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The Straight-A Method: A Simple Framework For Conquering College

Advice, Advice, Everywhere…The Straight-A Method

Students often ask me how they should sift through all the advice on this blog in order to implement a simple system that will work for them. Here’s the truth: Almost all of the strategies I present here, and in my books, are motivated by a simple yet powerful underlying framework I call the Straight-A Method. This framework is based on four central pillars: knowledge, control, strategy, and balance. Each describes a high-level goal you should strive to maintain as a student. If you can satisfy these four goals — regardless of what specific strategies or systems you use — then you’re all set. Your college experience will be outstanding.

In this post I describe the four pillars of the Straight-A Method. As you read, ask yourself what strategies or habits, if any, do you have in place for satisfying each goal.

Pillar #1: Knowledge

You must collect and regularly review all of your obligations as a student. This includes both the academic (e.g., test dates and assignment schedules) and the administrative (e.g., application deadlines and demands from extracurricular involvements). Taking stock of everything that is on your plate can be forbidding, but it is also crucial for maintaining control over your life.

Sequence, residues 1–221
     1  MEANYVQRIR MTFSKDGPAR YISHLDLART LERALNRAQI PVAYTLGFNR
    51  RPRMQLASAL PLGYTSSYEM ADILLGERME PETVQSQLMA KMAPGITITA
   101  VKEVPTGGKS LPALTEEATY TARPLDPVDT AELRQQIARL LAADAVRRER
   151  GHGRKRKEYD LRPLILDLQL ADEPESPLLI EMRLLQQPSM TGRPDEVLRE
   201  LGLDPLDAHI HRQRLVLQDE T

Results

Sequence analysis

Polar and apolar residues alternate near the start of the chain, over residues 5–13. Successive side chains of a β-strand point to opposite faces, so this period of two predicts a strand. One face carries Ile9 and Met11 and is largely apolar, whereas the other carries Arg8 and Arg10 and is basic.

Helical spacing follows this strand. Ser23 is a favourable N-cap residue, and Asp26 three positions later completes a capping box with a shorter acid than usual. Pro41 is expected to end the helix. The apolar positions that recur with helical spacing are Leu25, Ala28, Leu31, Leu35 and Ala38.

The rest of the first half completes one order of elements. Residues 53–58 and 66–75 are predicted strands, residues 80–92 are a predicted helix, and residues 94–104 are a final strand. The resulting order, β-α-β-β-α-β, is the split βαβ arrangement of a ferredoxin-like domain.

Some past posts relevant to this pillar:

Pillar #2: Control

Control the hours in your day. Do not let them control you. Plan out, in advance, when you are going to work and what you are going to accomplish. Doing so builds an accurate understanding of your time — how much you have and how long things really take. This awareness is the foundation of low-stress, efficient scheduling.

Some past posts relevant to this pillar:

Pillar #3: Strategy

Never “study.” The word is ambiguous and it’s tied up with too many emotional connotations about what school work should feel like (tiring, boring, painful). Instead, think in terms of specific actions. Seek out and squash inefficiencies. Ruthlessly evaluate and tweak your techniques after the fact. Always be improving.

Some past posts relevant to this pillar:

Pillar #4: Balance

Above all else: stay happy. Otherwise, what’s this all for? This means, among other things: Aggressively socialize. When in doubt about whether or not to attend an event: go. Don’t be satisfied with a few good buddies, put in a serious effort to build a cadre of life-long friends. Engage your mind. Crave inspiration. Take on a grand project. Remember: College is a playground for your mind and spirit. Play hard.

Some past posts relevant to this pillar:

28 thoughts on “The Straight-A Method: A Simple Framework For Conquering College”

  1. A very timely post. I’ve been flicking backwards and forwards through your blog over the past few weeks trying to get all of the advice into a framework that works for me. This morning I printed this post out and all of the posts that each of the four pillars hyperlink to and it has brought it all together. I am however, surprised that you don’t include a link to your ‘the art of the finish’ post. To me that post is like the icing on top of the cake. The concept of completion centric just brings a real focus to the whole strategy.

  2. @Malcolm: